The Atari 2600 singlehandedly introduced home video games to the masses. A new book by Editor-in-Chief Jamie Lendino shows how today’s game industry can be traced entirely to this seminal 1977 console.
The first time I ever played video games—before even arcade games like Asteroids and Pac-Man—was on the Atari 2600. My parents purchased the game console for me in 1979 when I was six, and in doing so completely changed the course of my life. I didn’t become a game designer, but I began a lifelong love of technology—not just for gaming, but for the computer industry in general. And I still play 2600 games on occasion, even today.
I knew I had to write a book about this thing.
I’m not the first to do so. But I wanted to write a book that not only celebrates the games, the highs, and the lows of this late-1970s and early-1980s console, but to do so with a closer eye on how it influenced the fledgling game industry—why this console in particular (which wasn’t even first) is responsible for so much of what we consider the norm today. That can be hard to see sometimes given the 2600’s incredibly simplistic graphics and sound. And what possible link it could have to, say, Far Cry 5 or Detroit: Become Human? But there is a story there, and in highlighting more than 90 of the best cartridges for the 2600—nearly all of which I owned and played to death around time of their release—I show why and how this happened.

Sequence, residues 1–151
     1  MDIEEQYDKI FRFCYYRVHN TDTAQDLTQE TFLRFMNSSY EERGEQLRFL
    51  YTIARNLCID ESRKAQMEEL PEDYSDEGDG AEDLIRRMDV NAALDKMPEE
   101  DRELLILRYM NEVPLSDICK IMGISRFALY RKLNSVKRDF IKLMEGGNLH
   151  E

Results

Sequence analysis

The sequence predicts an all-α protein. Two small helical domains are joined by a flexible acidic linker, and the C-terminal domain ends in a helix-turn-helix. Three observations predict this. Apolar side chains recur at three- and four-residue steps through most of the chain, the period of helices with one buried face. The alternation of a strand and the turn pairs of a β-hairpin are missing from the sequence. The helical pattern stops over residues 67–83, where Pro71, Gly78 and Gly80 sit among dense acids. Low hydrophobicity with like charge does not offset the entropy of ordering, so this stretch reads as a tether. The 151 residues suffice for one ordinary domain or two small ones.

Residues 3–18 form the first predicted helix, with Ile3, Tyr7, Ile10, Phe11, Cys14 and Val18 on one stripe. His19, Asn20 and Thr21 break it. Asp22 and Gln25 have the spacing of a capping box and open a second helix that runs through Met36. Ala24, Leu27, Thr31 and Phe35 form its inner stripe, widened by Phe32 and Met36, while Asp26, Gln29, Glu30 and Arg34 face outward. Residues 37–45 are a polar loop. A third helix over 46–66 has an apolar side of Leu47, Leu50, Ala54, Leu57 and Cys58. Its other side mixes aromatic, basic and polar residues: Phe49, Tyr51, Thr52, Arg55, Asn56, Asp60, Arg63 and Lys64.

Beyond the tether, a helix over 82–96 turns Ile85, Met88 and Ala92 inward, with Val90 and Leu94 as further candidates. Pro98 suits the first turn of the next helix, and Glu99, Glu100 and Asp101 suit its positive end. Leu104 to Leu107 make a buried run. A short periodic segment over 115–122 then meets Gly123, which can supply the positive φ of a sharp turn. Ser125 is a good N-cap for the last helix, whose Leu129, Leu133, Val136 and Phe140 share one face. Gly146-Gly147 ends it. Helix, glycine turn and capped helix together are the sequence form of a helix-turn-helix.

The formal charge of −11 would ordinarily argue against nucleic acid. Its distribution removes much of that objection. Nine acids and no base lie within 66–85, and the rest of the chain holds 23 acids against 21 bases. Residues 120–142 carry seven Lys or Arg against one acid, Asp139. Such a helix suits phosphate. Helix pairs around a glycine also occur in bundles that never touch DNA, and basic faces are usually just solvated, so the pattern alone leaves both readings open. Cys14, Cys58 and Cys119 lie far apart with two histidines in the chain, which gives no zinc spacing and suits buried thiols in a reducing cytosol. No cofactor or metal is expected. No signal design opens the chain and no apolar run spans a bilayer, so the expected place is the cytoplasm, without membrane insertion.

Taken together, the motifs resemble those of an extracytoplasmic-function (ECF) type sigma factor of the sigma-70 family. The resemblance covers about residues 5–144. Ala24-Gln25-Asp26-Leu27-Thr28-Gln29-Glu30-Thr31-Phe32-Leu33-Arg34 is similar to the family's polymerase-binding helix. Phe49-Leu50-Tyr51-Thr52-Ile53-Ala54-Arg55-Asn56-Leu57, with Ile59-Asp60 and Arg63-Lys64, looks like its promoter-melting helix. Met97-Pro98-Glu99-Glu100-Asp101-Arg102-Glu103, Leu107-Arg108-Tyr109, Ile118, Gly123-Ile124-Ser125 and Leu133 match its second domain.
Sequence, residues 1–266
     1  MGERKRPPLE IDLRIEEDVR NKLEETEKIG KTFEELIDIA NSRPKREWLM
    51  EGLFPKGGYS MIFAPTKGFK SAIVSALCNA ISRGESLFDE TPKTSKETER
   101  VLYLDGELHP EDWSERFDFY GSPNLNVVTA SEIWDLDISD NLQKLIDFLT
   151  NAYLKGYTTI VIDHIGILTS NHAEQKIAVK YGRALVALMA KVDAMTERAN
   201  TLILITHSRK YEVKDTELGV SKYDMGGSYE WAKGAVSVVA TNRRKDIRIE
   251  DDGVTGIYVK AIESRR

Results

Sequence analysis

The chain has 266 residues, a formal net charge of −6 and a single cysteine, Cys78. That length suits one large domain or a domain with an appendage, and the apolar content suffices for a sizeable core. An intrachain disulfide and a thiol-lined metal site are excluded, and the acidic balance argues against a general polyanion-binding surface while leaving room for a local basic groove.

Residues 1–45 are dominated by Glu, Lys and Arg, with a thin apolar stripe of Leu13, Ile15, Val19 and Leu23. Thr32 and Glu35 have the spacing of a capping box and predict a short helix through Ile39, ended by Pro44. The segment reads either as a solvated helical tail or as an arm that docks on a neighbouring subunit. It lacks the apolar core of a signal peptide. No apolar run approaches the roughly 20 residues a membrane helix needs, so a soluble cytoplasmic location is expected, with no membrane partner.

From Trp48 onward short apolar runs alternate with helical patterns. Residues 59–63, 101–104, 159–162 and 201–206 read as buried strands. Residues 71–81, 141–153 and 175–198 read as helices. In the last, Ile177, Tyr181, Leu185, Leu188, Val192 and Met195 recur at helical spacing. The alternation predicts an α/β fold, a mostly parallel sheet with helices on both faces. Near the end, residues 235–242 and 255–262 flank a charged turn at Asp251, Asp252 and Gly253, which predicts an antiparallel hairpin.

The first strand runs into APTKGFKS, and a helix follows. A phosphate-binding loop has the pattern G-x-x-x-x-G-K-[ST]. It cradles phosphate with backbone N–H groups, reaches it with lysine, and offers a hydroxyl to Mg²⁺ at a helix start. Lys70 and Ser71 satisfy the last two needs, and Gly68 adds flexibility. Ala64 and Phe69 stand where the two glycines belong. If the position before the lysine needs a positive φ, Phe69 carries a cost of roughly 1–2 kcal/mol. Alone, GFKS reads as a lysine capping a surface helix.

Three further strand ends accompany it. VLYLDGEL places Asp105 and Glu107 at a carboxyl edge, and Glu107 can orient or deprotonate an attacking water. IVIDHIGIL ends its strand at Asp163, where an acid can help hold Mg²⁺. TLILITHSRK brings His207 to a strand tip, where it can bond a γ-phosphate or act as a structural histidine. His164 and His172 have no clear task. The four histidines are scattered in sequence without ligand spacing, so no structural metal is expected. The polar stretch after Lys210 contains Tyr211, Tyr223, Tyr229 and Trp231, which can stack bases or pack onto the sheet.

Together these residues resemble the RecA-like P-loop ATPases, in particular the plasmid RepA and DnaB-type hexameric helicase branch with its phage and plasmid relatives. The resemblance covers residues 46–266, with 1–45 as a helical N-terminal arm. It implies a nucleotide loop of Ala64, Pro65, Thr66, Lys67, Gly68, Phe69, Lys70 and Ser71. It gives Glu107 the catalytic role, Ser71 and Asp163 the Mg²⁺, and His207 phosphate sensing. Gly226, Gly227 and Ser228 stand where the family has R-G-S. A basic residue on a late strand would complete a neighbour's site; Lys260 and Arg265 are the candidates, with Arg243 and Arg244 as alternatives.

In a world of resurgent enthusiasm for old-school gaming, where we may now even see a return (at least in spirit) of the Atari VCS, and where Atari Flashbacks and 2600 emulators are almost everywhere, the time seems right. Well over a year in the making, Adventure: The Atari 2600 at the Dawn of Console Gaming, published by Ziff Davis (’s parent company), is now shipping on Amazon. Here’s a free book excerpt; I hope you enjoy it.
Adventure: The Atari 2600 at the Dawn of Console Gamingby Jamie LendinoZiff Davis LLCp. 124-128